3. Kathy Meadows-Goodman says:

    I’ve noticed several new ‘recipes’ online that suggest using Epsom salt instead of table salt. Please note Epsom ‘salt’ is NOT in any sense of the word actually salt. It will do nothing except possibly help the weeds revive. Epsom ‘salt’ is not true Salt; true salt is Sodium. Sodium/Salt acts as a drying agent, which is why Sodium Chloride, aka table salt kills plants. Epsom ‘salt’ is actually a pure mineral compound of magnesium and sulfate in crystal form. It looks like salt crystals so it’s labeled ‘salt’, but it has no sodium chloride. In fact Epsom salt is used as a FERTILIZER or plant booster for many plants including roses and tomatoes. The vinegar alone will do a much better job, probably, although the vinegar will only kill the parts above ground and not a root. Sodium chloride or true salt will kill the entire plant, leaves stem, & root, BUT it will also sterilize the soil and nothing else will ever grow in that spot where true salt has been put. Epsom ‘salt’ will not harm the plant nor the soil.

    Reply
    • Edward Keating says:

      Actually, salt is a general term and magnesium sulfate, or Epsom salt, is a salt. A salt is any compound formed from the reaction of an acid with a base. But you are correct that it will typically aid plant growth because both magnesium and sulfur are necessary for plants to grow. Sodium chloride works well for this use because not only does the salt absorb large amounts of the water, keeping it from the plants, but the chlorine will separate from the sodium molecule and be absorbed by the roots. The resulting toxicity builds up quickly, killing the affected plants.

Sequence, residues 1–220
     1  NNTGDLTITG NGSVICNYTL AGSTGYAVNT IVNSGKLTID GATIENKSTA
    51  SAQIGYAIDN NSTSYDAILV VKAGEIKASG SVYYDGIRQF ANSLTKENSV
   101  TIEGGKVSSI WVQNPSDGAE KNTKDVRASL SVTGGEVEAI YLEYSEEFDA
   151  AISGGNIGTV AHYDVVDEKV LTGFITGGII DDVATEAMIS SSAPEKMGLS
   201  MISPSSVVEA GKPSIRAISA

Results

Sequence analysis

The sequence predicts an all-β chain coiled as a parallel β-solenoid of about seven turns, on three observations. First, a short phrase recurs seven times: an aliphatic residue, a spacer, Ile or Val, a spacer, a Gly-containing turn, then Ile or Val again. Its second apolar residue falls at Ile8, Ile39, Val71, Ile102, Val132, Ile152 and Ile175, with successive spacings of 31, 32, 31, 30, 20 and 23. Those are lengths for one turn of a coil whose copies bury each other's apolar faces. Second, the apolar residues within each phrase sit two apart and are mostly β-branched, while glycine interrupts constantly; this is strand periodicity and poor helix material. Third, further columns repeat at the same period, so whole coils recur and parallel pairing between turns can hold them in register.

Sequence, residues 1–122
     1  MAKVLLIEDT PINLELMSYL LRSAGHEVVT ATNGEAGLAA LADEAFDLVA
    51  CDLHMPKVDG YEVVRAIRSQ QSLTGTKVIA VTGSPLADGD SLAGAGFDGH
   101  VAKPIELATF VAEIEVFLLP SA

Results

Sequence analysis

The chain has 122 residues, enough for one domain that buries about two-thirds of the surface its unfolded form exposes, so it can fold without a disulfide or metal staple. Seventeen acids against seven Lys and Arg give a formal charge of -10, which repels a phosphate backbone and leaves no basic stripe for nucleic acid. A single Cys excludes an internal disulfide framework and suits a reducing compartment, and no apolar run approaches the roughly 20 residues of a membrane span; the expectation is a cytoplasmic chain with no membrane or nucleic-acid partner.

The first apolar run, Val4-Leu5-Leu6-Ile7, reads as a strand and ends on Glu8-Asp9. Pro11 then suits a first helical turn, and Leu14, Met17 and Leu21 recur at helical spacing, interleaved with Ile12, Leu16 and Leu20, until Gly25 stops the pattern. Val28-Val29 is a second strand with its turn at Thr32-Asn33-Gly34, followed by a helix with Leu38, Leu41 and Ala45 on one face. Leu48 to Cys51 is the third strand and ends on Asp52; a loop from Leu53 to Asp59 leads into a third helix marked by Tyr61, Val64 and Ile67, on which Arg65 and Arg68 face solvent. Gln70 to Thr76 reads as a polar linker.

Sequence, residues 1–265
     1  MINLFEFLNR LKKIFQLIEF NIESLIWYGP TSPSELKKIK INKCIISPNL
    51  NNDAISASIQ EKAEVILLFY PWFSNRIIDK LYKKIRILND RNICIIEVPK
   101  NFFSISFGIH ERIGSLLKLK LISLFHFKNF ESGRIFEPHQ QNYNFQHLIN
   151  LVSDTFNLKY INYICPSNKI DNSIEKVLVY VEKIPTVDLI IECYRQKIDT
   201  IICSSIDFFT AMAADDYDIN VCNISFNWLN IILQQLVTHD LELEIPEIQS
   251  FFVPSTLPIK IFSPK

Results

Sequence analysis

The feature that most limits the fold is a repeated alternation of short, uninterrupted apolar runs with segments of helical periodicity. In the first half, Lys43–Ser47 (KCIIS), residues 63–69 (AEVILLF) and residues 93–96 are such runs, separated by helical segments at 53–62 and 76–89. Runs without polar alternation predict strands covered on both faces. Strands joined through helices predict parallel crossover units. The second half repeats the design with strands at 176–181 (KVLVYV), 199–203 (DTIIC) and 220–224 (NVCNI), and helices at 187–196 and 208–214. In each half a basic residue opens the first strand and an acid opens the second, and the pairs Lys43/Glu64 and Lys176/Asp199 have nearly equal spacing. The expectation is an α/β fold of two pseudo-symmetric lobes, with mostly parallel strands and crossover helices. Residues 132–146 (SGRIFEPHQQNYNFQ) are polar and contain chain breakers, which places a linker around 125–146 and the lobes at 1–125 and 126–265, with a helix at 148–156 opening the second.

Reply
    • killermouse1974 says:

      to reinforce comments by edward keating…..

      epsom salt aka magnesium sulfate is, without any doubt whatsoever, a salt.

      sodium chloride aka table salt is but only one of many many many many many salts, and all are “true salt” using your term. “salt is an ionic compound that results from the neutralization reaction of an acid and a base”.

      salt can be categorised in different ways eg component ions can be inorganic or organic, and can be monatomic or polyatomic, and there are varieties of salts dissolved in water eg salts that hydrolyze to produce hydroxide ions are basic salts, whilst those that hydrolyze to produce hydronium ions are acidic salts, and neutral salts are those that are neither acid nor basic salts.

      many fertilisers used in agricultural are salts and/or derived from salts eg potassium sulphate, potassium nitrate, potassium chloride, monocalcium phosphate aka single superphosphate, monoammonium phosphate. micronutrients like molybdenum, zinc, and copper are provided as water-soluble salts. these are all salts, or as you put it “true salts”.